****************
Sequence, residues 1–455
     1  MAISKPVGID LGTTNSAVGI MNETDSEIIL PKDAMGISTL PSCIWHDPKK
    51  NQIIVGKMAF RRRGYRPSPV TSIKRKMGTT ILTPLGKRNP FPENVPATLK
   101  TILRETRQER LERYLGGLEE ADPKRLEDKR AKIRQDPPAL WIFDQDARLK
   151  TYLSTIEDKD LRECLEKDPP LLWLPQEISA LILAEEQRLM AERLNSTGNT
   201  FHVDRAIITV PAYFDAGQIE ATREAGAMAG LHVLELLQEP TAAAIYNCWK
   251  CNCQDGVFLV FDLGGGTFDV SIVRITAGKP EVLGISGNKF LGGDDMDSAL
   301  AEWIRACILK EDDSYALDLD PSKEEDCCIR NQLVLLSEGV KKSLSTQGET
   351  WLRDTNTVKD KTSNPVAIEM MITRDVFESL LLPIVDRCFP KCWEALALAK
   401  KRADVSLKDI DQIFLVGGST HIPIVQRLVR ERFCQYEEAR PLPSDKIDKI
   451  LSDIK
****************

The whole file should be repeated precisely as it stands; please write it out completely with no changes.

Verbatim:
Sequence, residues 1–455
     1  MAISKPVGID LGTTNSAVGI MNETDSEIIL PKDAMGISTL PSCIWHDPKK
    51  NQIIVGKMAF RRRGYRPSPV TSIKRKMGTT ILTPLGKRNP FPENVPATLK
   101  TILRETRQER LERYLGGLEE ADPKRLEDKR AKIRQDPPAL WIFDQDARLK
   151  TYLSTIEDKD LRECLEKDPP LLWLPQEISA LILAEEQRLM AERLNSTGNT
   201  FHVDRAIITV PAYFDAGQIE ATREAGAMAG LHVLELLQEP TAAAIYNCWK
   251  CNCQDGVFLV FDLGGGTFDV SIVRITAGKP EVLGISGNKF LGGDDMDSAL
   301  AEWIRACILK EDDSYALDLD PSKEEDCCIR NQLVLLSEGV KKSLSTQGET
   351  WLRDTNTVKD KTSNPVAIEM MITRDVFESL LLPIVDRCFP KCWEALALAK
   401  KRADVSLKDI DQIFLVGGST HIPIVQRLVR ERFCQYEEAR PLPSDKIDKI
   451  LSDIK